Local friends and family, I'll see you soon!

Wednesday, August 8, 2018

Ade visits, and the weather changes so we can walk about Deventer

A lovely lunch and a shared afternoon and evening with Ade was a pleasant interlude in our time together here in beautiful Deventer. We changed tables a few times to avoid the sun! Last night we were wakened at around 2am with wind blowing rain into the open windows, which was quite exciting. Thunder roared in the south. It was still quite cool and breezy this morning so we ate inside.




After lunch, Boud proposed a walk around the town while the temperatures were moderate. We walked over much of the old town of Deventer, and spend some time in the Roman Catholic church, the old church on the "hill" with twin spires, the old Brush Shop, and back past the Weighing House and a lovely cast bronze map of Deventer.

Our favorite tree:


The Roman Catholic church whose steeple we see from the terrace:

On the wall of the Weighing House:



Our little corner of Deventer:


Tomorrow we travel by fast train to Vienna! I hope there is time to drink a cup of coffee. :-)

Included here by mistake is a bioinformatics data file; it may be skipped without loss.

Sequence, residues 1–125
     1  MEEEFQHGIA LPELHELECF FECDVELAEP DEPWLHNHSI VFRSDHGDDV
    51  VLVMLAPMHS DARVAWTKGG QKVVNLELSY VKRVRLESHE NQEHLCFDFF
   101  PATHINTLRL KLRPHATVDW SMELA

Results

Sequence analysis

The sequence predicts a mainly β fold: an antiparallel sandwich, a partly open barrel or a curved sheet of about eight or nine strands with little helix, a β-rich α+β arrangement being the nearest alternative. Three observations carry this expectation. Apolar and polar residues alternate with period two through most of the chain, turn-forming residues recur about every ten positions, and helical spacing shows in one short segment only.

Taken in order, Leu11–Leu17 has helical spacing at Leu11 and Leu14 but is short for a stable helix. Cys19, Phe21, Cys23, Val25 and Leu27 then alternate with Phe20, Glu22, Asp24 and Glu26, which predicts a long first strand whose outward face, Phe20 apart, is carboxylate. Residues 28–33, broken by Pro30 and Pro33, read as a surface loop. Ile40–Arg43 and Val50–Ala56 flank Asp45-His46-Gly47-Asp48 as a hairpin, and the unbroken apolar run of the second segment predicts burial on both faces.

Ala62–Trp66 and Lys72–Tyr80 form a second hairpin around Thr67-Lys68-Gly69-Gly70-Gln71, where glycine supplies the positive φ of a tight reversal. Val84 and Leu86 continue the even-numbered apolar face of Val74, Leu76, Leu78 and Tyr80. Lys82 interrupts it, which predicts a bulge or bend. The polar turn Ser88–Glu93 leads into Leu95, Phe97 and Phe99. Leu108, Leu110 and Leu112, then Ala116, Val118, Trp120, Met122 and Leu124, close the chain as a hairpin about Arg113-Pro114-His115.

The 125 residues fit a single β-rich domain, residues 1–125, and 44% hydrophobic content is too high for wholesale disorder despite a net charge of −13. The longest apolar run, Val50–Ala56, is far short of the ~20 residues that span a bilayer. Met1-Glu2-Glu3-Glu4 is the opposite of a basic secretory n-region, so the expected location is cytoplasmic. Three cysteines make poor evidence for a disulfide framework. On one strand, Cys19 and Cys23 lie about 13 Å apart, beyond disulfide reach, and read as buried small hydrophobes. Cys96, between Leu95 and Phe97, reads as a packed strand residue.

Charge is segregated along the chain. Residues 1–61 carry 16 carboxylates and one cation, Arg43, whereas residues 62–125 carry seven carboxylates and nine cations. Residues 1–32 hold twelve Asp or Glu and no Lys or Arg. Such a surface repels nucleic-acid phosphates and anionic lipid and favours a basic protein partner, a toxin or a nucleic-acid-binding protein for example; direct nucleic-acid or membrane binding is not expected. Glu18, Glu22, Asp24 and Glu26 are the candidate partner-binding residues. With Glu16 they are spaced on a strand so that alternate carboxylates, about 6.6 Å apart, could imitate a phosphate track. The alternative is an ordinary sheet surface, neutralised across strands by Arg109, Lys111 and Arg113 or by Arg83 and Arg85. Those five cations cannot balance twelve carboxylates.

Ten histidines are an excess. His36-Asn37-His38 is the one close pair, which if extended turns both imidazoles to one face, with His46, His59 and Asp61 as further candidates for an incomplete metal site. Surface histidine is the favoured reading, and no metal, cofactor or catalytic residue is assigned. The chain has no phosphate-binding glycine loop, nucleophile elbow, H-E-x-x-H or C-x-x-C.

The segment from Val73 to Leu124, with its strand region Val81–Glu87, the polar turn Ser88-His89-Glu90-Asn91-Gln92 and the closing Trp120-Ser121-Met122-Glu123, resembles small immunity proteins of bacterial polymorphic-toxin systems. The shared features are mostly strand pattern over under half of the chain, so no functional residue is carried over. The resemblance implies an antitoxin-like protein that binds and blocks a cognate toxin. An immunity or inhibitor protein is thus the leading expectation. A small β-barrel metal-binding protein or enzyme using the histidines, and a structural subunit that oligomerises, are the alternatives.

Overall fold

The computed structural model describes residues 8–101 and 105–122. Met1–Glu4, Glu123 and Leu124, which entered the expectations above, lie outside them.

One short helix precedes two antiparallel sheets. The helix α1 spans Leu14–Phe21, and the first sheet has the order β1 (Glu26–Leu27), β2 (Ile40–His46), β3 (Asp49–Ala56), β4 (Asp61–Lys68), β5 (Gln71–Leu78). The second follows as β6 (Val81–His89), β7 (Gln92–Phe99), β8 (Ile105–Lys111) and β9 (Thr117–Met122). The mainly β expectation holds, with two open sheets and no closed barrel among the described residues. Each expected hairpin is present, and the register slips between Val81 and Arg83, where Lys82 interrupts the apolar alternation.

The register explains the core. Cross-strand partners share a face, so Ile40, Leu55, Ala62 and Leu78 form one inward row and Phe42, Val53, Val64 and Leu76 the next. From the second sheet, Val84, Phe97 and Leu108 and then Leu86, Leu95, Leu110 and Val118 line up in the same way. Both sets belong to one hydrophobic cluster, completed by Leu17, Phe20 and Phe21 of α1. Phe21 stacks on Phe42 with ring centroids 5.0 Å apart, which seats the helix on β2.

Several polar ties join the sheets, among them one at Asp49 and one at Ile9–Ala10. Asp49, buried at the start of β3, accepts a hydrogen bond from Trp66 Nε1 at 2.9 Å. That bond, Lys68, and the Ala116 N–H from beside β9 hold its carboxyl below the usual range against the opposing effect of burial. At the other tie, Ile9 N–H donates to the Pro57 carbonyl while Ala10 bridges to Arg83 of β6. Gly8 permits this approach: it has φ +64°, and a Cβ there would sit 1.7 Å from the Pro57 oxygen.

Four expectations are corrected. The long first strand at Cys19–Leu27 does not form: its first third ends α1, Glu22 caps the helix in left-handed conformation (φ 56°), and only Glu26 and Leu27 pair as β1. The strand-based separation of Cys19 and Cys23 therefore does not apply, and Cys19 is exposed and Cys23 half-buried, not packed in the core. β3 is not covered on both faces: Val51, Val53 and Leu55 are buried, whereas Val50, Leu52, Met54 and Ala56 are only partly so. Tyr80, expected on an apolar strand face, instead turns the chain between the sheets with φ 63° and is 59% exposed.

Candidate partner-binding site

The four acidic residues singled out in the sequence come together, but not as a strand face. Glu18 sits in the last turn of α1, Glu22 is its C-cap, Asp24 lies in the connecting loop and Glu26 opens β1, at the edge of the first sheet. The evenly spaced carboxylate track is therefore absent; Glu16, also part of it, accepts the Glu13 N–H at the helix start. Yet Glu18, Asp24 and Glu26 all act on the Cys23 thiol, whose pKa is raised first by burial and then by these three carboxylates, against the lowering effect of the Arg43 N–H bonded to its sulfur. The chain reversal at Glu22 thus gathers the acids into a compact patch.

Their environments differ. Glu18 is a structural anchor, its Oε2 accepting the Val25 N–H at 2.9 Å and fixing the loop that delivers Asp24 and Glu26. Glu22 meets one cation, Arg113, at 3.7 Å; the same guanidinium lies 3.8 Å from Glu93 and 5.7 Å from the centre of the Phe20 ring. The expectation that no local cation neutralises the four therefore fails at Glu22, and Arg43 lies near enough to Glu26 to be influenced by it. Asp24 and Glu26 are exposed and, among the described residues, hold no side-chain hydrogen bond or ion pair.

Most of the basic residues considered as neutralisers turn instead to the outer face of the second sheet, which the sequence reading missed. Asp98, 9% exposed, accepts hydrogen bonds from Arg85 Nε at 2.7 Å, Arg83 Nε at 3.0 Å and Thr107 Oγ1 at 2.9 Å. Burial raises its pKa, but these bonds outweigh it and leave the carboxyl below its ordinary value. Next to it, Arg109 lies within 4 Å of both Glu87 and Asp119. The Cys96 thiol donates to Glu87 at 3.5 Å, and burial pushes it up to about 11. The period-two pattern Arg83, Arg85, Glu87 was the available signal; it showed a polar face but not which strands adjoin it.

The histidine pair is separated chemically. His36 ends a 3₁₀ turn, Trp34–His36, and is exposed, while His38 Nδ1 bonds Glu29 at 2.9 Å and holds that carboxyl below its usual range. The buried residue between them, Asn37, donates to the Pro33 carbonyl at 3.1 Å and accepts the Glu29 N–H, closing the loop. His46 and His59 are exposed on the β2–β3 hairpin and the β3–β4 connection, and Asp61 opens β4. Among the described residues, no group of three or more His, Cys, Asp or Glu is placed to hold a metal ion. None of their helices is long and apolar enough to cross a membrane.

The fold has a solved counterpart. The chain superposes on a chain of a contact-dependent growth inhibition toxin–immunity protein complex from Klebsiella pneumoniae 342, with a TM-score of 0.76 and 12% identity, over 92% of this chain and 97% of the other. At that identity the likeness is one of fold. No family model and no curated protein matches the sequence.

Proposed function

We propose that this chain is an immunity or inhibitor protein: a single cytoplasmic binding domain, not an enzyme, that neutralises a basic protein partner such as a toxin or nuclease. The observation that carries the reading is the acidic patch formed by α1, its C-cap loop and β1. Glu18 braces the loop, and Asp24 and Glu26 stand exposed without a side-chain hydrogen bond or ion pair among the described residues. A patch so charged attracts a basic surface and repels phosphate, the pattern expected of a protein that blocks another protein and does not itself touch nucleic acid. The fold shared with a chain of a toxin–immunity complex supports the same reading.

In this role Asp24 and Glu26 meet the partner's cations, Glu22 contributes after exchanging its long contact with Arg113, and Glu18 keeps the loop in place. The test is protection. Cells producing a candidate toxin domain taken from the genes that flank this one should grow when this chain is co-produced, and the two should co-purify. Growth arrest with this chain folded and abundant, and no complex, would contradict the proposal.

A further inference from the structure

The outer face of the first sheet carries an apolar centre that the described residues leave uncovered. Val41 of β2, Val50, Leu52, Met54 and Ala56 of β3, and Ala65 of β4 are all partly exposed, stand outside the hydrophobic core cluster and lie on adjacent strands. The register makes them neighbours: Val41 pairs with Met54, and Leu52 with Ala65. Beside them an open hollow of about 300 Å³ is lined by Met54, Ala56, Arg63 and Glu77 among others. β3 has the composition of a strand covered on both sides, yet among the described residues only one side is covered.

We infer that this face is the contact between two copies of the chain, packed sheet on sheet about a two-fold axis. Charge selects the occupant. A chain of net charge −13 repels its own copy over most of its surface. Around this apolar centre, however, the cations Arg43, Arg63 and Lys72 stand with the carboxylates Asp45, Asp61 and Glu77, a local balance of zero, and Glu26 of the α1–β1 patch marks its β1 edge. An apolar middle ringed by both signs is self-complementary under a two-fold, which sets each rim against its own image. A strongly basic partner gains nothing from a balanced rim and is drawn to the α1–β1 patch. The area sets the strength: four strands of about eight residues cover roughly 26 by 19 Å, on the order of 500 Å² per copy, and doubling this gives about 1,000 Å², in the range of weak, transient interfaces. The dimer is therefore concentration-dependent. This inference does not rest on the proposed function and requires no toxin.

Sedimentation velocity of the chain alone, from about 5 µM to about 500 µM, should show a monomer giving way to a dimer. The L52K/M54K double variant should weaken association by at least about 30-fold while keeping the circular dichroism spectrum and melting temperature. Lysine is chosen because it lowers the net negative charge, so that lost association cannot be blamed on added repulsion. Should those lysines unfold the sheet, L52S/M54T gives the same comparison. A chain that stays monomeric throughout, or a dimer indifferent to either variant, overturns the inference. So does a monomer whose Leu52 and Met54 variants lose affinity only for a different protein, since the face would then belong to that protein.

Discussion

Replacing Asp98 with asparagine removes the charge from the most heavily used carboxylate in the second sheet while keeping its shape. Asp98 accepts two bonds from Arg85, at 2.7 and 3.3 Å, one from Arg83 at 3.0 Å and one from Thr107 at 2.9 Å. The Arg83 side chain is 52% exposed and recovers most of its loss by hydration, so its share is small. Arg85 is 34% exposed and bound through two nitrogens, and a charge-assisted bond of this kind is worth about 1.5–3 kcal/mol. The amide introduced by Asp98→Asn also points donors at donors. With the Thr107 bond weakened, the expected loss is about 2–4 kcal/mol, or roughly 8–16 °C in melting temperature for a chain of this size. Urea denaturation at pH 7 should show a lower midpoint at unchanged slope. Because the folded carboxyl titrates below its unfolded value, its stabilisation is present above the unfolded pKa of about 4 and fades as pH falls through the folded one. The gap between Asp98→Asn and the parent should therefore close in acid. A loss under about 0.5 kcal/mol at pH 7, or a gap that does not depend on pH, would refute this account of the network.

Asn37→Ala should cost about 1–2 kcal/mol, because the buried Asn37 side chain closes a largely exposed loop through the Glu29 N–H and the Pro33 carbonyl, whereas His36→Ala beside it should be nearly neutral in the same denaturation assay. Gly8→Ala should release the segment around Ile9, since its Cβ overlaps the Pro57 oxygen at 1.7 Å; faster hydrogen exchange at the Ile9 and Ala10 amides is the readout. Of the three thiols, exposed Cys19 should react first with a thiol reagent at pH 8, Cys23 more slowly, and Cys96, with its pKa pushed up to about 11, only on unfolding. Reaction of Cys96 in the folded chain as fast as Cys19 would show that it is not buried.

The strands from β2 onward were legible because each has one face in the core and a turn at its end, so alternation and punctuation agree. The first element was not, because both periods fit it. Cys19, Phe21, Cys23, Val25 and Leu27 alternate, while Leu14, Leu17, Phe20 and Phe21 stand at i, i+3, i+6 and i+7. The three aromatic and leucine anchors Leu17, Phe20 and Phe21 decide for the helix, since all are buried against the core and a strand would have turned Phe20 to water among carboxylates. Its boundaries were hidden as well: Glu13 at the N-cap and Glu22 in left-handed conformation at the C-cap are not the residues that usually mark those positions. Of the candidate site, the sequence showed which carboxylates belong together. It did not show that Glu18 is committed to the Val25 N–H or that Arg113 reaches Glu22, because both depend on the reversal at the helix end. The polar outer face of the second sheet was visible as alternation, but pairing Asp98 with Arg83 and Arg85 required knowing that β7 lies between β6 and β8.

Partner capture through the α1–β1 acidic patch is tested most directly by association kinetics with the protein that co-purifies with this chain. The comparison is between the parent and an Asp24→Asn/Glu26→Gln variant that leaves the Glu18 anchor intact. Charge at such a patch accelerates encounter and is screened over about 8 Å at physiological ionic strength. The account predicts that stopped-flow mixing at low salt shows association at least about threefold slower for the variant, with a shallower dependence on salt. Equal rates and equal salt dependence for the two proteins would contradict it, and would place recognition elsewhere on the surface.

Monday, August 6, 2018

In my heart

Last night we were living outside as usual. It had cooled a bit and a stiff cool breeze began blowing, so we moved inside for the first time in a week. We had a wonderful discussion about the state of the world (worrying) and what we might do about it beyond working for freedom in our KDE work. I think I'm not alone in being concerned about visiting Austria since politics there turned "populist". Since I'm living in a country where the same is true at least on the Federal level, that might seem hypocritical. Perhaps it is, but I'm not the only one working to expand the scope of people we welcome, rather than the reverse. I believe the most fortunate--including me--should pay the highest taxes, to provide public goods to all: excellent schools, medical and social care, fine public transport, free libraries, and free software.